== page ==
In an attempt to make my artifacts smaller, I recently chose to use 7-Zip compression, or archiveType: 7z, in an Archive Files task of an Azure DevOps YAML pipeline. 7-Zip provides 5 compression levels: 1 (fastest), 3 (fast), 5 (normal), 7 (maximum) and 9 (ultra), as well as option 0, which doesn’t compress anything.
I like YAML pipelines, because they live in my repo and I can use templates. However, the online editing experience is not particularly great. Sure, the online editor « assists » you when editing a simple file, but if you’re referencing templates, you’re out of luck (or at least I haven’t found a way to edit a template and use the « assistant ».)
Long story short, I’m editing a template (in a text editor) and I want to specify the compression level in my task. The official Archive Files task documentation page unfortunately doesn’t document the property that defines this. Luckily, a dummy pipeline and the « assistant » allowed me to quickly figure out that I wanted to set the sevenZipCompression property of the task. Of course, since the property wasn’t documented, neither were the values that it accepted. So with a little patience and using the task’s source code to confirm, I quickly came up with a table, which I decided to persist here for future reference:
7-zip compression levels for the Azure Pipelines Archive files task
A complete example of the task would look something like this:
About a month ago I saw the trailer for Tim Burton’s upcoming movie Miss Peregrine’s Home for Peculiar Children and it immediately caught my attention. It turns out it’s originally a book, so I went over to Amazon, downloaded the first few pages and ended up buying the whole thing. It’s exactly the kind of fantastic universe I like to immerse myself into.
The Kindle version that I bought included three novels actually: Miss Peregrine’s Home for Peculiar Children and its two sequels, Hollow City and Library of Souls. I liked the first one a lot, enjoyed the second one OK, but just wanted to get through the third one to see how the story ended. This seems to happen to me often with series that had a successful first book or first few books, but where you can feel that either pressure from success and/or from the editors drives the sequels rather than a well told story…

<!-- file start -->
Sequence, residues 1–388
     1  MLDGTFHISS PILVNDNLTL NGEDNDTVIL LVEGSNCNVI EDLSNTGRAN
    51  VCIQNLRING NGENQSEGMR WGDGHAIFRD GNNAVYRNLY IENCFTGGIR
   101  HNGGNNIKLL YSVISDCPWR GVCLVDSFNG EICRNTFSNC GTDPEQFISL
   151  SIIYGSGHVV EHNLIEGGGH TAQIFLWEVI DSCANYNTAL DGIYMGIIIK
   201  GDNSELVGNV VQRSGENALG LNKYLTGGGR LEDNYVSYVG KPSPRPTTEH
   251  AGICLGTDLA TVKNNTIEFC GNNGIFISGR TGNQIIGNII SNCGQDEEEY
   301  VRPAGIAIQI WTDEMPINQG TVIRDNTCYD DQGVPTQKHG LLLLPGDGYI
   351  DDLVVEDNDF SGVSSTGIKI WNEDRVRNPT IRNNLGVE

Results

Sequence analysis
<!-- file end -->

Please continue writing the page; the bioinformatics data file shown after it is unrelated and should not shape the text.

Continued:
I already noticed from the trailer that the movie is a loose adaptation of the books. I just hope it tells the whole story (which can definitely be told in less than 2 hours), rather than try to capitalise on multiple films. But still, I have a feeling that it will be way better in my head, despite Burton’s talent.
I particularly enjoyed the fact that the author went through the trouble of making the books themselves peculiar by using unusual photographs to illustrate (and kind of drive) the story. If you like reading stories of adolescents with special powers running around the UK and through time, the books are really enjoyable and a quick read, so I strongly recommend them.
A colleague and I wanted to get two simple pieces of information: an event’s date and the corresponding message. Furthermore, we only wanted events that had happened today. Here’s what we came up with using LINQPad and the Azure Storage Driver.
First, make sure you’re using a table storage account as your database. In my case, my connection is called mycloudstorageaccount.
Then simply perform your query. If you want to copy/paste, here’s the text version:
from l in WADLogsTable
where l.PartitionKey.CompareTo(DateTime.Today.Ticks.ToString("d19")) > 0
DateTime = new DateTime(l.EventTickCount.Value),
Oh, and don’t forget to check out the SQL tab if you are interested in the « low level stuff. » It will show the actual URL that was used to query Windows Azure.
I promise, this is the last you will see on this subject today (from my part, anyway). It’s for those who were not online yesterday and/or are in a different time zone and/or didn’t see my post from yesterday and/or don’t speak French.
I’ve been working quite a bit with Windows Azure lately and particularly with Table Storage. I used to use SQL Server Mangement Studio to work with SQL Server and I found Azure Storage Explorer (screenshot on the left), which is actually pretty good for working with all three storage options: queues, tables and blobs.
What does it do? It allows you to add storage accounts as connections in LINQPad. It supports the local emulator as well as actual cloud storage. With every connection, you get all the right references as well as a typed data context based on the account’s tables.
I think I included everything you can expect from a typed data context, which will work like a charm with auto-completion if you have a LINQPad license. For anything that’s not already there, the data context exposes a TableClient property that is a CloudTableClient instance. That should be enough to do anything you want.
There’s also a couple of other « bonus » features, such as displaying the requested URL in the « SQL » tab of LINQPad:
If you work with Table Storage and LINQPad (if you haven’t adopted LINQPad yet, it might be the right excuse to test it), don’t hesitate to check the driver out. It would be nice if it got thoroughly tested and if I had feedback.